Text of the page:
In selecting a Pistol there are a number of different considerations to keep in mind. First and foremost is being aware of the laws concerning the purchase, ownership, possession, use and transport of a firearm in your community or state. The laws can vary greatly from state to state and in some instances from community to community within the state. It is up to YOU to know and obey these laws. As the old saying goes, “Ignorance of the law is not a defense.” Violations of the laws regarding firearms can be severe, so first put some time and effort into knowing what the laws are in your community.
Once you are aware of the laws regarding firearms the next step is to determine what type of pistol is right for you. Just as you would consider the intended use for any tool that you purchase, so you should think about this in selection a firearm. Just what do you intend to use this handgun for? Is it for a sport such as target shooting? Maybe you are looking to use the handgun for hunting as many hunters do. Quite possibly you are looking for personal protection for your home or family. Whatever the purpose, keep this in mind when you are making your selection. Besides its intended use, you must consider the type of ammunition used and whether it is readily available, the amount of recoil produced when the pistol is fired, the ease of operation and of course, the cost.
All things considered, for new shooters learning the fundamentals of shooting a handgun, a .22 caliber target pistol with a 4-6 inch barrel is going to be your best choice. The ammunition is very inexpensive so cost is not prohibitive to practice shooting. The recoil is very slight compared to other, larger calibers, and they are highly accurate pistols. The .22 caliber handgun is available in both revolver and semi-automatic versions and can be used for a variety of tasks from target shooting to just plain old plinking. Some say a .22 caliber is not adequate for home protection. Granted, a larger caliber would be more advantageous in certain circumstances, but a .22 can still be a lethal round. There is an old saying that a hit with a .22 beats a miss with a .44 every time. Walk before you run. If you are a beginning shooter, start with a .22 and after you become proficient then trade up to a larger caliber that may be better suited for specific tasks such as hunting or personal protection.
Revolvers vs. Semi-automatics
In choosing between a revolver and semi-automatic pistol here is something to keep in mind. Revolvers have fewer moving parts and can be serviced (to a degree) in the field easier. Semi automatics (sometimes known as auto-loaders) are better suited for competitions that involve rapid fire or timed fire stages of competitions such as IDPA matches. While they do generally have a greater capacity for ammunition, they are more complicated to operate especially in tense situations. Again, keep the intended use in mind.
My opinion is that revolvers are better for purse, jacket pocket or backpacking. In case you can’t get the firearm out quickly in time of need, you could potentially fire through your purse, bag or jacket. If there is a need to fire multiple rounds one does not have to worry about the slide getting caught up and preventing additional shots, as can occur with a semi-automatic.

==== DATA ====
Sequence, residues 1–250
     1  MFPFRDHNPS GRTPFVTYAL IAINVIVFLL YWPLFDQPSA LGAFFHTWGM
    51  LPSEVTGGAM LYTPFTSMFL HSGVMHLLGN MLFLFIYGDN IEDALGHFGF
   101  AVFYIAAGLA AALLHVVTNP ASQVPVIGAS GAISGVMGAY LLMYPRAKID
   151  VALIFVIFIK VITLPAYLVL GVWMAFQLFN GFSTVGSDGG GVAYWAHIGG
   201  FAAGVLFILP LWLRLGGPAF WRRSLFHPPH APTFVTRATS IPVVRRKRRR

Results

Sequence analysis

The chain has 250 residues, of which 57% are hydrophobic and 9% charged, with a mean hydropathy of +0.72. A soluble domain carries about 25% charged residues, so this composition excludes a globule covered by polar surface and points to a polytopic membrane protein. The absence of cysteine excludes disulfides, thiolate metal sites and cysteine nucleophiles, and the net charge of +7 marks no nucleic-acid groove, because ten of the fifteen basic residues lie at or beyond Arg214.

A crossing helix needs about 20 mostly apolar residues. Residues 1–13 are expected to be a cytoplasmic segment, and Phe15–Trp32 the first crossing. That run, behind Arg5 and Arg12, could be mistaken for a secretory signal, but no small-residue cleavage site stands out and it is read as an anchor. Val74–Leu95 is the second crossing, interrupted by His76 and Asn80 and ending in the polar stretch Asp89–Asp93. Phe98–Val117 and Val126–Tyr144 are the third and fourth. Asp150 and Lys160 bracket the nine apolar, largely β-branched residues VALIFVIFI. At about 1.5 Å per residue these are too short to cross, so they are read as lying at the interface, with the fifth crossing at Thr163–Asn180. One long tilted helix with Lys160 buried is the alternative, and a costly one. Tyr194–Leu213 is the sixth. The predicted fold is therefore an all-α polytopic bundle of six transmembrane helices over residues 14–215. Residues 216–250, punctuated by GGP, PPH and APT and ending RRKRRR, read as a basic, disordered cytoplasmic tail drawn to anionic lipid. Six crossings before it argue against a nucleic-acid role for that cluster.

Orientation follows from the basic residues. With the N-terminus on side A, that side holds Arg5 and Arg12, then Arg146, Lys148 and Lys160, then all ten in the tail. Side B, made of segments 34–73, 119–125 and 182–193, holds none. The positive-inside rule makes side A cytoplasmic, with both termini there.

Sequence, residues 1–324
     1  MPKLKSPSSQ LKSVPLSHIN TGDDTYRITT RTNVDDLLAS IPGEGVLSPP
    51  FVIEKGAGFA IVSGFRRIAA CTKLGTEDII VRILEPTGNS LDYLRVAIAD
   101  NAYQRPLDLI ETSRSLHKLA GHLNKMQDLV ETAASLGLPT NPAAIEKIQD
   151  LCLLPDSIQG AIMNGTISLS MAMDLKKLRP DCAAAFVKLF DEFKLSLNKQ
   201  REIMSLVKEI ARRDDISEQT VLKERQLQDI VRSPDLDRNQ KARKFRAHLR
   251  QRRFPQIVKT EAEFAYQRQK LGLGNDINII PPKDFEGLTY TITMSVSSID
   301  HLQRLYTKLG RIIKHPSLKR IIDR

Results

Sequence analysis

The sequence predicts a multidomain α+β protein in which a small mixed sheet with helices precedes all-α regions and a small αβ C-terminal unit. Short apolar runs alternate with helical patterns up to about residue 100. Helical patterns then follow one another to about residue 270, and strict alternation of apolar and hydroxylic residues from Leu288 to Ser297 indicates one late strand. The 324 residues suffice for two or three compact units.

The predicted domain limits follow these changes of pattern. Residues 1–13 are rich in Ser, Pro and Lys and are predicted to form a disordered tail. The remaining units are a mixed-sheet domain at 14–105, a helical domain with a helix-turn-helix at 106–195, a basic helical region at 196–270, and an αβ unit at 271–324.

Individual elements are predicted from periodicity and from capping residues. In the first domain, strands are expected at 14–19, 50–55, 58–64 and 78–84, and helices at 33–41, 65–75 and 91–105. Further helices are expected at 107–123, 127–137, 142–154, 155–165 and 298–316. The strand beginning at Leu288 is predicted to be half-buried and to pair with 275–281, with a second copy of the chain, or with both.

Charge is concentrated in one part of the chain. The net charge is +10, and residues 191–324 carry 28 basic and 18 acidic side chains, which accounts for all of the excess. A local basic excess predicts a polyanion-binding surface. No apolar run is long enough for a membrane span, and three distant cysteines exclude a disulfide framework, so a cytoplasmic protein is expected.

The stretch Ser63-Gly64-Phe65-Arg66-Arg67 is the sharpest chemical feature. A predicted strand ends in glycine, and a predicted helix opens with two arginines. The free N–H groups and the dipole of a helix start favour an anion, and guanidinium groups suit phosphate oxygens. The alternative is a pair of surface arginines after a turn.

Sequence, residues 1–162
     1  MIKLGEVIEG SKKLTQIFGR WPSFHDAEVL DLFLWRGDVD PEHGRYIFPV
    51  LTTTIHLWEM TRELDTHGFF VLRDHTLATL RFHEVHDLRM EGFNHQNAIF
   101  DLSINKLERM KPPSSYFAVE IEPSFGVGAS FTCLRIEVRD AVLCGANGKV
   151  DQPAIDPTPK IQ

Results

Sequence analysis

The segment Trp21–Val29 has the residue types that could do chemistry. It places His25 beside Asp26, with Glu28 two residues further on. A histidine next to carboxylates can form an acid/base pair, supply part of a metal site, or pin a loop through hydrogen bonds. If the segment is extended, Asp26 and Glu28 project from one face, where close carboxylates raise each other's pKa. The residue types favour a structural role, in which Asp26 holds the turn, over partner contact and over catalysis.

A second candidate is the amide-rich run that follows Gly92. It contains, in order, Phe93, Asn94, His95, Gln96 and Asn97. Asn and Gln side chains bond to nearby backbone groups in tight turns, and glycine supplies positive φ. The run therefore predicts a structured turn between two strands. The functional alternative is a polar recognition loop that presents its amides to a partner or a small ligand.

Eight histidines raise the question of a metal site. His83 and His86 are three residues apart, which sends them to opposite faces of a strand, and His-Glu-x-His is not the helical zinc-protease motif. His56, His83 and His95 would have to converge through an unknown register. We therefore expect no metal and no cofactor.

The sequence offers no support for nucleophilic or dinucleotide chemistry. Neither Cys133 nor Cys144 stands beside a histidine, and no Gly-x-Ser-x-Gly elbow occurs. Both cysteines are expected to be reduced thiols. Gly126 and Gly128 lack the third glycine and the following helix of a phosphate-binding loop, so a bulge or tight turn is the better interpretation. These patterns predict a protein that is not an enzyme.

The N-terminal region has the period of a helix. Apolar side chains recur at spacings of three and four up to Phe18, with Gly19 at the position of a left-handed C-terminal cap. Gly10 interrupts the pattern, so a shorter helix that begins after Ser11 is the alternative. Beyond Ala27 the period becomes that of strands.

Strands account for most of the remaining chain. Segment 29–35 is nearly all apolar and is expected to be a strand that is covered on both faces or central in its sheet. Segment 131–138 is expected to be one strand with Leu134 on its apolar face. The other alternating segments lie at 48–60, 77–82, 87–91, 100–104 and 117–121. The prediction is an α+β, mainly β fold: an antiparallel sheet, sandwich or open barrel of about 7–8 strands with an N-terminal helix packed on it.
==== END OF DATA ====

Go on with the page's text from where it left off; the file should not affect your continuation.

What ever you do, investigate your options thoroughly as there are many choices in firearms. Ask the advice of people who are knowledgeable. Talk to several reputable gun dealers and instructors before deciding what’s better suited for your application.
Handgun Selection Checklist
Here is a checklist mostly taken from the NRA Basic Pistol Shooting Handbook:
- Decide what you are going to be using the pistol for.
- Is it going to have more than one job to do for you?
- Do you need fixed or adjustable sights?
- Unless you are very rough on your handguns or a competition shooter, fixed sights are fine.
- What is the best caliber or barrel length for the intended use?
- Is the ammunition readily available from your local gun shop or sporting goods store, or will you have to go to a specialized store that may or may not have it in stock (I can shoot my .22 caliber for pennies a round while the ammunition for a .32-20 is closer to a dollar a round and much more difficult to find).
- Speaking of money, just how much money are you willing to spend? Whatever you do, never sacrifice quality for economy. Look around and purchase the best quality you can find for the money.
- Consider the simplicity of operation and the ease of cleaning. If it is going to take you 10 minutes to take the handgun apart for cleaning using special tools then you should probably consider something else.
- The fit of the pistol to your hand is something that is often overlooked by novice handgun buyers. Think about your correct grip and how your index finger reaches and then touches the trigger.
- Is the manufacturer readily known and do they offer a warranty? Most good manufacturers offer lifetime warranties on their handguns. They should have service centers in this country.
- Consider the firearm’s reputation among other shooters. I don’t mean that you should rush out and buy an H&K, Kimber, FNH, or an Ed Brown (which are all excellent firearms manufacturers) just because they are supposed to be “one of the best”. They may be the best for some people in some applications but they may not be the best for YOU.
- Find a range or an instructor that has a lot of different rental pistols and shoot as many as you can.
- Purchase your handgun from a reputable dealer. Someone who will take good care of you if there are problems or if you need simple advice.
There you have it. Do some research and take your time and you will have a good pistol that’s just right for you.